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"Our city was hosting the most important conversation to take place this century”




Kathleen Warden
, director of conference sales at the Scottish Event Campus, in Glasgow, looks back on COP26 and the impact it had on the city.

Glasgow stands as one of the pillars upon which an industrial revolution was built.

For decades the city was Britain’s bustling engine room, a place of industry and invention. This is where the steam engine was invented in 1775 and where a steady line of ships and locomotives flowed from yards on the River Clyde.

It is fitting now, some two centuries on, that the city has found its place at the centre of the green revolution.

The Scottish Event Campus on the banks of the river was the host venue for COP26, or Conference of the Parties, the international gathering recognised as our most vital chance to address climate change and the environmental issues which are so dramatically altering the world around us.

Running for two weeks, the conference brought more than 40,000 experts, world leaders, politicians, high level officials, non-governmental organisations, and charities to our venue. The delegates ranged from American president, Joe Biden, to climate activist, Greta Thunberg and entrepreneur and philanthropist, Bill Gates, with the profile of the guests and scale of the event further emphasising its importance.

The sheer volume of numbers gives a sense of the challenges we faced at the SEC and the scale of the planning required for COP26, which also took place against the backdrop of a pandemic.

As the event approached, after a year-long Covid-19 enforced delay, it was clear that our venue, city, and country was hosting one of the most important conversations to take place this century.

To give you an idea of the scale of the project on the ground, the Scottish Event Campus trebled in size, with the build starting nine weeks prior to the event. We watched as the site grew dramatically and temporary structures, which naturally held heat and were designed with a low carbon footprint, fanned out around the campus.

The SEC was one cog in a multi-organisation delivery process, led by the UK’s Foreign, Commonwealth and Development Office and a COP Unit, based within the Cabinet Office. This was supported by the production company, Identity, our team at the SEC and a range of other partners.

We were involved in a variety of discussions on a diverse range of issues, from the mechanics of the site build, to ensuring the conference was a carbon neutral event - one which had sustainability at its core.

This was achieved with COP26 the first Conference of the Parties to obtain PAS 2060 validation – the international standard on carbon neutrality.

We were also closely involved in event security, both cyber and physical, and were acutely aware of how even an innocent release of information could have compromised the event and safety of the delegates. Security across all fronts was a top priority.

Understandably the pandemic cast a long shadow, with the conference one of the largest global gatherings since it first began in 2019. Onsite testing facilities helped ensure a safe environment, as did a broad range of other safety measures. Covid-19 also presented other considerable challenges, for example in sourcing materials and securing and retaining staff.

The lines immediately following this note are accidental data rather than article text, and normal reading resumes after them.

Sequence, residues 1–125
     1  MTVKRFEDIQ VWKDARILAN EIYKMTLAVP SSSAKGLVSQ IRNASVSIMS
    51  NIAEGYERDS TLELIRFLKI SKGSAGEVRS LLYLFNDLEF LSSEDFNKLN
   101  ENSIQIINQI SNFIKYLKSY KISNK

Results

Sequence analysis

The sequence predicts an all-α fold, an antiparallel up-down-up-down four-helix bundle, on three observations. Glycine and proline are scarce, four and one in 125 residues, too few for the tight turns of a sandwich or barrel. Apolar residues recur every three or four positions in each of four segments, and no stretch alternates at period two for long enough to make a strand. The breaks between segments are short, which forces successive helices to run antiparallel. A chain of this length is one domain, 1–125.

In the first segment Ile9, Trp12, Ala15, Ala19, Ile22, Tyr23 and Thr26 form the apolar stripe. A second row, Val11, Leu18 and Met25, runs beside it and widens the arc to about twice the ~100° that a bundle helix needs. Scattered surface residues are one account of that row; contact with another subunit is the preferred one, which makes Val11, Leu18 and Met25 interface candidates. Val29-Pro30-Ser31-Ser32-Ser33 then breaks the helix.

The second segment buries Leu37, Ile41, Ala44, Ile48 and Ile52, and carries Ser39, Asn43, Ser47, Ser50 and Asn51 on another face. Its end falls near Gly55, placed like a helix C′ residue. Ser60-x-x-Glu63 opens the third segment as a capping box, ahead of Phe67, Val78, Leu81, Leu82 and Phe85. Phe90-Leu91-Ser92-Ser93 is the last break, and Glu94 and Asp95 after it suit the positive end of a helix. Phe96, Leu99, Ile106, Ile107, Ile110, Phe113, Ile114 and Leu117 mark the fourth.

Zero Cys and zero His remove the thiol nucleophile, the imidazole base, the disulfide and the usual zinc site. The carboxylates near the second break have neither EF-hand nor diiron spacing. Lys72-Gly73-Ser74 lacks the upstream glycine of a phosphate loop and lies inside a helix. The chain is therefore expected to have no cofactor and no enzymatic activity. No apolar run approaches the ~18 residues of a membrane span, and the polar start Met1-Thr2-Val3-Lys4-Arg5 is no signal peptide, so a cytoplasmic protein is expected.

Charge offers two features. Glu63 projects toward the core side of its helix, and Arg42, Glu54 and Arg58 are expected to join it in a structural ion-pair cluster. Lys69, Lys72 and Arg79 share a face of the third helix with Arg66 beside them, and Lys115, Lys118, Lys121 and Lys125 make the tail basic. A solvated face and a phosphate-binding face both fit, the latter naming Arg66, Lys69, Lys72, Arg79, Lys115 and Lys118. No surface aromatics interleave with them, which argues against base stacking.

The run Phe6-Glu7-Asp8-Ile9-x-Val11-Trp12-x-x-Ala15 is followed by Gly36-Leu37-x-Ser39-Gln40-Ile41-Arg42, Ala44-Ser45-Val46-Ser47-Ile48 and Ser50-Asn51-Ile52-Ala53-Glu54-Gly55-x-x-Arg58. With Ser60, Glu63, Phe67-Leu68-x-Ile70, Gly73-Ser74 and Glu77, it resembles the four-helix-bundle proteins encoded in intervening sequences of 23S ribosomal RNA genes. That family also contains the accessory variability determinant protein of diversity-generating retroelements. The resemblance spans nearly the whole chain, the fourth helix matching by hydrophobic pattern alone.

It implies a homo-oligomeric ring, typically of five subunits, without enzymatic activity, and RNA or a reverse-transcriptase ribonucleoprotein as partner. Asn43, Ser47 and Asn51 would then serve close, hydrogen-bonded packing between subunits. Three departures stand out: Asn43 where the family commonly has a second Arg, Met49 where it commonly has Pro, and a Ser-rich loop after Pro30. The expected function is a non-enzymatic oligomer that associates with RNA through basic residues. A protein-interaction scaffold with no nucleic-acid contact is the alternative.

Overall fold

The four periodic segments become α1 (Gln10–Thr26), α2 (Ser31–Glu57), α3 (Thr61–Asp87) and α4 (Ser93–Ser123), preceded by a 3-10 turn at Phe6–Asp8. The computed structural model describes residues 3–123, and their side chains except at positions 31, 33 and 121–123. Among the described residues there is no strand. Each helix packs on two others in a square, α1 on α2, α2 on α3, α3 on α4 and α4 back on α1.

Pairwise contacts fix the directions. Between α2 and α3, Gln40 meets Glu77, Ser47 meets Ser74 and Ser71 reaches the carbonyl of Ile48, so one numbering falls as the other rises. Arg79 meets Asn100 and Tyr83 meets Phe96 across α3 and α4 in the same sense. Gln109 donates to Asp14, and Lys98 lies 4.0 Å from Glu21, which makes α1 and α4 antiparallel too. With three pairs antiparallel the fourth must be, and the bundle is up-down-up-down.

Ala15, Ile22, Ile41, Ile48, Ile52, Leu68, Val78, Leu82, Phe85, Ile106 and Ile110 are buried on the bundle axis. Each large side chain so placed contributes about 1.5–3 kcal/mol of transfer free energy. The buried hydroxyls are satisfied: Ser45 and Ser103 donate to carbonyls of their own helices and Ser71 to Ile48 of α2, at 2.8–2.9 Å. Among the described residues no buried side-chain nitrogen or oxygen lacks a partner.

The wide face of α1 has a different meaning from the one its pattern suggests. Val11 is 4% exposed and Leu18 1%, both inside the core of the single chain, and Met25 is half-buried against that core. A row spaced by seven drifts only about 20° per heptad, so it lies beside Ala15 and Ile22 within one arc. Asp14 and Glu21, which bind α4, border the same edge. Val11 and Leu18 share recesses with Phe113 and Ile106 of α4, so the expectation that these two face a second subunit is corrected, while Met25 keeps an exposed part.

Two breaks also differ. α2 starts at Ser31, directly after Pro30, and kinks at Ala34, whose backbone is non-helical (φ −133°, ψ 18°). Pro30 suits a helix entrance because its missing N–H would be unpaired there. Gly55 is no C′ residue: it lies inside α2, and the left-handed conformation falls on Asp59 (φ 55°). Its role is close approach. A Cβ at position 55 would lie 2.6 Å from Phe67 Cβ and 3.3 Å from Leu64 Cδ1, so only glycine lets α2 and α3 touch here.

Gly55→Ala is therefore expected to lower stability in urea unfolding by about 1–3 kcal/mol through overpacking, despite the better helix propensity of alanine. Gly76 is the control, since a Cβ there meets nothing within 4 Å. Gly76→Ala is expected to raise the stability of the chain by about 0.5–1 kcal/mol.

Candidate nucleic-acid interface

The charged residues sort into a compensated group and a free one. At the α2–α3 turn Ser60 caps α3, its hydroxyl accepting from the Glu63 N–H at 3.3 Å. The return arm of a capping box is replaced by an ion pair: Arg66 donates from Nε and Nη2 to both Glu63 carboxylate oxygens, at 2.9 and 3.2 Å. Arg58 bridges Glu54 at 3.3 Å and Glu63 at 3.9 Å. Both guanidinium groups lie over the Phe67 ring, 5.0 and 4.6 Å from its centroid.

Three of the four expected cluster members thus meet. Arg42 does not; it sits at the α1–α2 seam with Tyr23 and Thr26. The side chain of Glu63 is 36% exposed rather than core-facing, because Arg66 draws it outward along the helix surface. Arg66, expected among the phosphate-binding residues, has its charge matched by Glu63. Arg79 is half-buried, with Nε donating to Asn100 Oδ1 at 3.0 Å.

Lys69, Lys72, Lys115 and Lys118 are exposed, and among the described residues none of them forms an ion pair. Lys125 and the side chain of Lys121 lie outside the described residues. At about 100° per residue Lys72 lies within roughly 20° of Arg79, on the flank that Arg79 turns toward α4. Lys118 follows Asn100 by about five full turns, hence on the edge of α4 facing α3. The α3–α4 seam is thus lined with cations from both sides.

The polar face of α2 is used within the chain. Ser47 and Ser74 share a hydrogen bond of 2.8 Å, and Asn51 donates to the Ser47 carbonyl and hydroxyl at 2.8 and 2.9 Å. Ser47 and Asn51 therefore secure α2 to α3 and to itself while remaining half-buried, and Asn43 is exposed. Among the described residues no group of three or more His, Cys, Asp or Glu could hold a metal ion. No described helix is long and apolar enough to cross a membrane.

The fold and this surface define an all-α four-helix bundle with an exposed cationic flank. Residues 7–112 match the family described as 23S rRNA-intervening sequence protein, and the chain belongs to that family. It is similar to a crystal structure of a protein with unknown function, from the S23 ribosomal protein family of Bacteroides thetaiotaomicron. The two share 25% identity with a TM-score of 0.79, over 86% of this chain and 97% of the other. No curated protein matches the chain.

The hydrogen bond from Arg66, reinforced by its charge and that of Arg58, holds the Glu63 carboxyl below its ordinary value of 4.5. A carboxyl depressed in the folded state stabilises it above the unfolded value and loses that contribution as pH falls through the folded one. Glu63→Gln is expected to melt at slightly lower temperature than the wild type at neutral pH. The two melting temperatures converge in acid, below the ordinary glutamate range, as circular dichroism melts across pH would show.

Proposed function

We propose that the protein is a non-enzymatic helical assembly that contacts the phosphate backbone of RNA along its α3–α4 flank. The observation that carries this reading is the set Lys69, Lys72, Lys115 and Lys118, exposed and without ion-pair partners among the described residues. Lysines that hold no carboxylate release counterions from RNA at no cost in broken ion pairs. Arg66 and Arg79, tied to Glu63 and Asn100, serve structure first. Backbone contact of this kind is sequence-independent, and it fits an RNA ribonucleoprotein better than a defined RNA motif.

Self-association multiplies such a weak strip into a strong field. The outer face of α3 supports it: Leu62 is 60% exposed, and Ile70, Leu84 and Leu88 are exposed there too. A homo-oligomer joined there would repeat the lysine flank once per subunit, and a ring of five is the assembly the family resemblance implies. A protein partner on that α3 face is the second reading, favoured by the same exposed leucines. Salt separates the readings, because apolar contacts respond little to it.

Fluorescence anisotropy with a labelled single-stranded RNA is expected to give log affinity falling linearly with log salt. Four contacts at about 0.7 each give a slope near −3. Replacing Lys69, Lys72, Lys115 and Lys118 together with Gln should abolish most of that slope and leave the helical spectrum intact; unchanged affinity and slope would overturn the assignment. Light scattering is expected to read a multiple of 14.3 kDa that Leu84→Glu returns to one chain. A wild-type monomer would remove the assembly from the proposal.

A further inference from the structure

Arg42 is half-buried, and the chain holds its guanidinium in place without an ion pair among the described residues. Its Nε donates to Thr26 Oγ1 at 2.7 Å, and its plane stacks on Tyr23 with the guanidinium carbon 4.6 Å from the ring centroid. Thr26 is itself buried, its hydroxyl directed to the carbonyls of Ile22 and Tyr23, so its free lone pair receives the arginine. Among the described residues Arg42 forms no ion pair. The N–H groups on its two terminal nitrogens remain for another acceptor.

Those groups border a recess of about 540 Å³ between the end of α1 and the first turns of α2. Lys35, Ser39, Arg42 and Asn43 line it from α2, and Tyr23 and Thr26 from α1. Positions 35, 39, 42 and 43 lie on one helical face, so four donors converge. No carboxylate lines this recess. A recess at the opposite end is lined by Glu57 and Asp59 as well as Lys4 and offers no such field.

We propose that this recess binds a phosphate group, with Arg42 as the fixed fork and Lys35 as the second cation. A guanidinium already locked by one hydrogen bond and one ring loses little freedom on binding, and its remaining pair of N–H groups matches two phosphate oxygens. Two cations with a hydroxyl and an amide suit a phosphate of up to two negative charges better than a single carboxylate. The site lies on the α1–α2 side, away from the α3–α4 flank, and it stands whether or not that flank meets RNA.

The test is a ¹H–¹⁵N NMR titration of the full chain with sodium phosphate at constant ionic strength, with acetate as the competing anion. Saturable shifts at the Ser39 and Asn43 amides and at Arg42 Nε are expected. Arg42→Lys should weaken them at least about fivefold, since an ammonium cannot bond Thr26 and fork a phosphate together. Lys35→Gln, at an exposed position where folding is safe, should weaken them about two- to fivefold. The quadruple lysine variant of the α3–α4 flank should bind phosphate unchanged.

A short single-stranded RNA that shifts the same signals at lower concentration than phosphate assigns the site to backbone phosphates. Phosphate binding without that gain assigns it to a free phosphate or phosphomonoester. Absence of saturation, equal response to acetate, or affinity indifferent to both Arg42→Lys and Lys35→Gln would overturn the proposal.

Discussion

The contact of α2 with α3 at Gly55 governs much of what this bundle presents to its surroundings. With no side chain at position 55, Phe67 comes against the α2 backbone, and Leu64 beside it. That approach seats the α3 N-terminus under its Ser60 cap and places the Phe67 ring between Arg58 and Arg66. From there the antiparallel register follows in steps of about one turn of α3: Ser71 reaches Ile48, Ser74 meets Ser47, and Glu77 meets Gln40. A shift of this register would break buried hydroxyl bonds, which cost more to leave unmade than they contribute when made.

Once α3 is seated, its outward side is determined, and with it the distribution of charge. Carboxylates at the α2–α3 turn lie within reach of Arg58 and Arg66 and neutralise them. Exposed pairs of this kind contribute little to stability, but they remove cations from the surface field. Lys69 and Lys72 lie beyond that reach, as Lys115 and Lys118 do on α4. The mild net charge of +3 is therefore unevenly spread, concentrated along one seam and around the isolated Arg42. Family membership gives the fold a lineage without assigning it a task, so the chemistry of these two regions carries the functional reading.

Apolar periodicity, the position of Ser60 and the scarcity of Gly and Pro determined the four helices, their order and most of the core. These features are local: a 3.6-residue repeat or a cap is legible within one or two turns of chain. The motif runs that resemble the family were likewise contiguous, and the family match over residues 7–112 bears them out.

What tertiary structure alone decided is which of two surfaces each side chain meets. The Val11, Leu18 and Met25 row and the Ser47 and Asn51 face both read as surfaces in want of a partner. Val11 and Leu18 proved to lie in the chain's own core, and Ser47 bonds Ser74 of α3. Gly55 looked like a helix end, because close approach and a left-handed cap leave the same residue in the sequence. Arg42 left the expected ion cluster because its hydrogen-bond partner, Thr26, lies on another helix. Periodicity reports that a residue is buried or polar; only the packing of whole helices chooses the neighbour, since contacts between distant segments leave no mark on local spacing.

One week before the opening ceremony, the UK Government took full venue occupancy ahead of the first delegates arriving two days later for the pre-sessionals. Then on October 29 the venue and surrounding footprint literally became UN sovereign territory ahead of the World Leaders Summit on November 1 and 2. This corner of Scotland truly became the world’s stage.

These moving parts, and all the challenges we faced, were only handled thanks to the strength of the relationships we built from the outset. We were determined to overcome obstacles together and shared a collective responsibility. Event delivery was achieved thanks to a masterclass in low-ego, high-performance team play and trust.

Over the course of the event and in the months that have followed, we have continued to see tangible evidence of the impact of COP26.

It has left an environmental legacy and shaped thinking, not only here at the SEC, but across Glasgow, where we have seen businesses, organisations and government re-evaluate their environmental targets.

Aside from a lasting green legacy, COP26 showed the power of face-to-face meetings as a vehicle for change. In what was a true gathering of people and cultures, voices were heard, relationships built, and problems addressed. After two years of social distancing, video calls and online meetings, COP26 answered many questions about the value of in-person events and stands as the ultimate example of a business event driving change.

Preliminary findings on the impact of COP26 on COVID-19 infections in Scotland also indicate that cases at the summit were at a significantly lower level than in the Scottish population. This only heightens confidence that in-person events can be delivered safely.

On a personal level, the experience we have gained at the SEC is immeasurable. We have strengthened existing skillsets and acquired important new ones that will shape our approach, our thinking and the events we host here.

The impact of COP26 will resonate for decades to come. The agreements sealed in the Glasgow Climate Pact, at our venue on the banks of the Clyde, in what was once an industrial heartland, will shape our future.

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